The first thing we need to do in this new module is name and describe our new shortcode and indicate the callback functions it will use:

We need to define the variables (or attributes) for our new shortcode.  We do this by implementing hook_theme():

Next, let’s define our callback function for the new shortcode.  This callback function takes the variables as defined by the user in the shortcode’s use in the WYSIWYG editor and applies any business logic, formatting, or modification (like setting a default, if empty):

Now, we need to define the theme function that our process callback function calls.  In this case, it’s simply ‘shortcode_friendly_alert’.  This theme function returns the output of the shortcode with the variables replaced.  Here’s where the magic of this module happens.  You can put literally any markup you wish into this function’s output and populate as many variables within it with user-defined data (this means you could get data from any Drupal object that’s in scope, as well).  It could be JavaScript (including AJAX functionality), CSS, output from other theme functions (blocks, views, etc.), Or… just run of the mill HTML markup.

In this tutorial, we’re just using some (really) basic JS and HTML to make the point, but I really want to drive home the wide breadth of functionality one could implement herein.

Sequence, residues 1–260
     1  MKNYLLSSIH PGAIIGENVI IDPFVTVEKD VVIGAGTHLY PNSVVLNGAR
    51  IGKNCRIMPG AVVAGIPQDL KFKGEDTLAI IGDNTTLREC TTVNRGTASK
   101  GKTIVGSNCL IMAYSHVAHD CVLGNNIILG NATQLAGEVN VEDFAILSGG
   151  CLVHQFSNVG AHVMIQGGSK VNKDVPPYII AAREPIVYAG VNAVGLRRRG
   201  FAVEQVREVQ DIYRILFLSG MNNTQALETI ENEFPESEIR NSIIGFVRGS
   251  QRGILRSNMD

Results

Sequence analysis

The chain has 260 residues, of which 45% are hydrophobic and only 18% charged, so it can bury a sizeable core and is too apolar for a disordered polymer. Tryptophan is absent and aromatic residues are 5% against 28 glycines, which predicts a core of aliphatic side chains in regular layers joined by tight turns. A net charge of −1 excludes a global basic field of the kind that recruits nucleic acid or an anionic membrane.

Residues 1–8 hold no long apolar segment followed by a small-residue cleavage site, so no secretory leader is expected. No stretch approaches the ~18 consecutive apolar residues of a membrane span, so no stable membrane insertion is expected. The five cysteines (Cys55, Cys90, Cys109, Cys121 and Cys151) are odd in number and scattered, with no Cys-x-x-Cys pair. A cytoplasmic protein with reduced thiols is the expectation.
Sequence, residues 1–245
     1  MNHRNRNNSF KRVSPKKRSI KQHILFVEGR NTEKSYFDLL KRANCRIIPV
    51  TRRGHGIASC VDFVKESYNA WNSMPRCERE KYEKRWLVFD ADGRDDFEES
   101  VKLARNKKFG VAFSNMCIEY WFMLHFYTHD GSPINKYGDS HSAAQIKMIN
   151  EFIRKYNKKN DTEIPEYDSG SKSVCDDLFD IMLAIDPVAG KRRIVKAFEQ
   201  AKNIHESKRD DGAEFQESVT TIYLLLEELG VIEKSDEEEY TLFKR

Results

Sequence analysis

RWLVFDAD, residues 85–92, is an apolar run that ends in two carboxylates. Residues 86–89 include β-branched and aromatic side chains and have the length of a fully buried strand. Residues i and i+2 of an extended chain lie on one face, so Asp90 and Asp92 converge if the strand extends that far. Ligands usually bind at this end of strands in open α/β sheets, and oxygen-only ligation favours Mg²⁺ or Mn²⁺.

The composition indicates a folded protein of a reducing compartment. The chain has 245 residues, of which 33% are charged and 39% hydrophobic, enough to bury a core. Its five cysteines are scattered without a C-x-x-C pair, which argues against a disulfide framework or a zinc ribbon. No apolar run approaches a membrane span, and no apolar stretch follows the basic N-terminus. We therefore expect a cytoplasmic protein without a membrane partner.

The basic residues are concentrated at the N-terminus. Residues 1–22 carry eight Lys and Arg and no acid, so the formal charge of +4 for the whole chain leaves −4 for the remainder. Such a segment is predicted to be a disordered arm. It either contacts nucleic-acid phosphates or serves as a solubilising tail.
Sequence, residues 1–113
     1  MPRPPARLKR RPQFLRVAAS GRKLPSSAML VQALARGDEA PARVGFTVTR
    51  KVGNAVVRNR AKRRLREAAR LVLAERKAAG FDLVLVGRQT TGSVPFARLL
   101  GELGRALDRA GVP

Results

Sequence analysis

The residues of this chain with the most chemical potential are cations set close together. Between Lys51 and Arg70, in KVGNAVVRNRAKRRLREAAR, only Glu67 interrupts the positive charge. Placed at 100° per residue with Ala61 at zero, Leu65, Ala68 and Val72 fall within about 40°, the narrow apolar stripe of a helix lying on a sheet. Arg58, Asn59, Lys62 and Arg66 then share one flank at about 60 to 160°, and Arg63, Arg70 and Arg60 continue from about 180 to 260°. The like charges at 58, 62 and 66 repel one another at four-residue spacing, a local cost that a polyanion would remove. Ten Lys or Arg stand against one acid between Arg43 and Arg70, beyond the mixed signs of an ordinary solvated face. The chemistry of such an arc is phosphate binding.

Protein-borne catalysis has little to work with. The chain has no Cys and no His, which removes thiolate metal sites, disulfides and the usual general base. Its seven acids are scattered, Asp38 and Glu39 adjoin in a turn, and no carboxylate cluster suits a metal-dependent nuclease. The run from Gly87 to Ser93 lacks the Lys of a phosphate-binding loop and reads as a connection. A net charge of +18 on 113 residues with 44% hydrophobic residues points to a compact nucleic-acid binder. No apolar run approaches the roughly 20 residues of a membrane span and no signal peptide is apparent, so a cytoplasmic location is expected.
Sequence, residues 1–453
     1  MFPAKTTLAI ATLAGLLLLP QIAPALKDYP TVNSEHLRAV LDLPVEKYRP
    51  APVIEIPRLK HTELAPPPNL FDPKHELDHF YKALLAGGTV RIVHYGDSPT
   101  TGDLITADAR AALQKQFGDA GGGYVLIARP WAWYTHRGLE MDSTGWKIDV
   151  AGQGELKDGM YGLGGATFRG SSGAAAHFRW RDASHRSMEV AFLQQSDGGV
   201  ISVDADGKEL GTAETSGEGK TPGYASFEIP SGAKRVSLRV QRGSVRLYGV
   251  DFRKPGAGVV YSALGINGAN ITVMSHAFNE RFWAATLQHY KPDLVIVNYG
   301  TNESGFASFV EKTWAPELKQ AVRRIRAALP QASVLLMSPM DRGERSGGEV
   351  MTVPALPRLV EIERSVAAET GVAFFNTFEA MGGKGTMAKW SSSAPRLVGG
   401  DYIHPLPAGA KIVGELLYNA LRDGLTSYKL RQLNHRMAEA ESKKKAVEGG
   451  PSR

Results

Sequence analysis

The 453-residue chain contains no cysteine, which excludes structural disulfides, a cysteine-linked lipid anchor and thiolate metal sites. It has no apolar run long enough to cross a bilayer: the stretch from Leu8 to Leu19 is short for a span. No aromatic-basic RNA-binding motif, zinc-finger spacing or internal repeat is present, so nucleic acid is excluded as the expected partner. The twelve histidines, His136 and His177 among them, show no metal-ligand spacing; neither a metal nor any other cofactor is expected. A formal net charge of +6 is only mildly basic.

Finally, let’s define our tip callback.  This function outputs text below the WYSIWYG editor that tells the user what the shortcode is used for and shows the user what parameters are available.

And that’s it for the code!  Simply enable the module and be sure to remember to enable the new shortcode in all the Text Formats you’d like it available within (/admin/config/content/formats).  The available shortcodes are listed in the vertical tab “Shortcodes” under “Filter Settings:

Enabling Shortcode in Text Format Settings
Be sure to enable your new Shortcode in the Text Format settings

You will then see your new shortcode available in all fields that use those Text Formats.

Your new shortcode is now available in all WYSIWYG fields that use those Text Formats.
Your new shortcode is now available in all WYSIWYG fields that use those Text Formats.

 

Integrating Webforms with Open Atrium’s Panes by Creating a Custom CTools Plugin

Open Atrium (OA) core utilizes PanelizerFieldable Panels Panes, and CTools to give content managers (CM) a convenient UI for adding new and existing content to a node.  Open Atrium core also includes the Webform contrib module but, unfortunately, neither is it panelized nor is it ready as a CTools content type out-of the box.